If you back or turn away, then go for a walk. Walk around and relax. When the horse is relaxed, turn and approach the object again. Keep up with approach and retreat, approach and retreat until you can calmly get right up to the object.

If it is a small object that you can pick up, then do so, and carry it with you. Walk on with the object, study it in your hands as you walk. Show interest in the object, but again, do not look at the horse. You may stop and play with the object, but all play must directed away from the horse. You may kneel down and look at it on the ground. Turn it this way and that in your hands and be increasingly interested in a very relaxed way. Be sure always to maintain a relaxed body posture. If the horse is relaxed, you may toss the item ahead of you, away from the horse. If at some point the horse wishes to see what is so interesting, allow him to check it out. Again, be careful to keep yourself in a safe place. A horse may put it's nose on something, then spook himself at the contact, and jump back. Make sure you are not in the way. As the horse checks it out, again, do NOT watch the horse's face. Use your peripheral vision only to keep track of the horse's postion and response.

If you can not get right up to the object, get to the closest point where your horse remains calm and relaxed with you, praise, and end it there. You can get closer on another day.

Each time the horse relaxes, there should be praise. A kind rub, a cookie, and gentle and soothing word. It doesn't matter if it is right at the object. What you are reinforcing is a calm and relaxed response from your horse.

As your horse becomes more convinced in your good judgement, he will become increasingly secure in your leadership and be more relaxed.

This is how I choose to become a "leader". Not by showing my horse I can make his feet move. Not by waving my arms and making him move away from me. Not by forcing him to submit to being near something he may see as terrifying.

We do it gradually, over time, proving myself over and over again to him. That I am calm. I am aware. I have good judgment. I am trust worthy. As he becomes more secure in that, he becomes more aware of where I am and he is less likely to ever feel the need to rush past me (or over top of me) to save himself.

When my friend Paul Dufresne introduced me to this concept (he calls it "Training for Courage"), that is when my rocky relationship began to change with Cisco. That is where I truely discovered that Cisco never trusted me before. That he never saw me as one that worthy of being followed. I was not a leader he trusted.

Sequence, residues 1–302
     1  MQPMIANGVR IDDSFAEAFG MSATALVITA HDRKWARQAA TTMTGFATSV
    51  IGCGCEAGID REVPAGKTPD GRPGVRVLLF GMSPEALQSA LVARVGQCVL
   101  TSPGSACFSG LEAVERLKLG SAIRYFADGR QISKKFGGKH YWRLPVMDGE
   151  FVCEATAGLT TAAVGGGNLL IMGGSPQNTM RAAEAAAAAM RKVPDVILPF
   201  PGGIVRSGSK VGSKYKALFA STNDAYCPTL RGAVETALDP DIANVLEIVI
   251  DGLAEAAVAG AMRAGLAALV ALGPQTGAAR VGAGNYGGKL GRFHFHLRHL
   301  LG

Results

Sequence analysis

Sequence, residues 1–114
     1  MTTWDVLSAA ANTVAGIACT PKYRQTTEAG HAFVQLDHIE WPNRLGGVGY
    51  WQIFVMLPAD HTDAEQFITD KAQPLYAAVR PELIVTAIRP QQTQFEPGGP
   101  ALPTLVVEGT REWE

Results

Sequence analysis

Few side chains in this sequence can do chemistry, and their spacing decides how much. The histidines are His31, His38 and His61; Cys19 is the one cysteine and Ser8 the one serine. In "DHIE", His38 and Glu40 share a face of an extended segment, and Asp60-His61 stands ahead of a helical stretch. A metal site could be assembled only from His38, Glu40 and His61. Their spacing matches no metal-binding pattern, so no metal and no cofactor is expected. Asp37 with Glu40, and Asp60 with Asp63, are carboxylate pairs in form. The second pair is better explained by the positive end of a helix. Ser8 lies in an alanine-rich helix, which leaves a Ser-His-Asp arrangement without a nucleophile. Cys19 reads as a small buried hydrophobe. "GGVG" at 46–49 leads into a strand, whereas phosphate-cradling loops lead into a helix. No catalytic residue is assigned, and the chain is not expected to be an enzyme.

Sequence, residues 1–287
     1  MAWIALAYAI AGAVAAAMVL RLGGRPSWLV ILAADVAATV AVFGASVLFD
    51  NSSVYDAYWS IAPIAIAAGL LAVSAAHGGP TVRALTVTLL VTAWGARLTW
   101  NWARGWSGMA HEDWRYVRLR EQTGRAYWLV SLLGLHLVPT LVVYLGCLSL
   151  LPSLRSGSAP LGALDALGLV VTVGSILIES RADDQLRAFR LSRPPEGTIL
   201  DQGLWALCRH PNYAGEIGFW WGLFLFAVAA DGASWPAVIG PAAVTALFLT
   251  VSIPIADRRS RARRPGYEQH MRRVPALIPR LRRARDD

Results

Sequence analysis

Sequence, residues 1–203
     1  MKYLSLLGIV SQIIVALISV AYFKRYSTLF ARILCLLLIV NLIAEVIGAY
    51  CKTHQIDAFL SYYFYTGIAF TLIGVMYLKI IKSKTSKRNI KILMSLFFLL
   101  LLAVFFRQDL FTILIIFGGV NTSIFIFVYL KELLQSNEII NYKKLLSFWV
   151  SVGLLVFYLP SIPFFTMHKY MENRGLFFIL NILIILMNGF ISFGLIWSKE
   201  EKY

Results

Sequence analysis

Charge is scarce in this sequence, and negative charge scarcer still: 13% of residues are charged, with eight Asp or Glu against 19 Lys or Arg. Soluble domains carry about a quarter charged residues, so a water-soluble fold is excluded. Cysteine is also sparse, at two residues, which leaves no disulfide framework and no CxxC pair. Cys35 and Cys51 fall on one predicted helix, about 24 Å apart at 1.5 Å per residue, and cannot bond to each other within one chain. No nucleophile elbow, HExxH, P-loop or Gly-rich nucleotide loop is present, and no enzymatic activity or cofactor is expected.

It took a long time. It did not happen in a two day clinic. We had a teeter-totter bridge that took me several months to get Cisco to even stand on it calmly, let alone walk over it. I spent many days just getting Cisco to trust me enough to put one or two feet on it and to be relaxed while doing it. Under saddle, it was like starting from scratch. I had to convince him all over again that I was worthy of leading him through perceived dangers from his back.

Tamarack is naturally more brave than Cisco, so it is going easier with him. But I nevertheless have to prove myself to him, too, and I will take all the time I need to do it gently.


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 Post subject:
PostPosted: Fri May 25, 2007 5:44 pm 
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Karen, you describe so wonderful how this works. Thank you very much!

I understand this theory, I know how to do this, but it doesn't always work when practicing.

Quote:
Turn it this way and that in your hands and be increasingly interested in a very relaxed way. Be sure always to maintain a relaxed body posture.


This is the difficult thing for me. Sometimes I just know that Amiro will get stressed from a scary object, and when this object is in the middle of a crowded road I'm just not able to be relaxed. I pretend to be very relaxed, and humans believ me always when I'm pretending. Amiro doesn't believe me, I have to be relaxed, not only behave relaxed.

Now I'm thinking of it, I experienced a nice thing last week. I was walking with Amiro when we passed a field where we saw some air balloons. Amiro was first very scared, and normaly he's standing still when he's scared or walking backwards. I only get him passed something scary when I'm standing on his back and there tell him to move forward. I don't touch him, but take a "driving position".
This time, with the air balloons, I walked forward without looking at Amiro. He stood still for a moment but when he saw I ignored him he walked after me. His nose wide, his head high, with a ot of stress in his body, but he walked with me without any force from me. I was very happy!

Hm, I just need a bit more time to develop a trusting relationship. But, as I told, I see improvement :D


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 Post subject:
PostPosted: Thu Jun 07, 2007 10:12 pm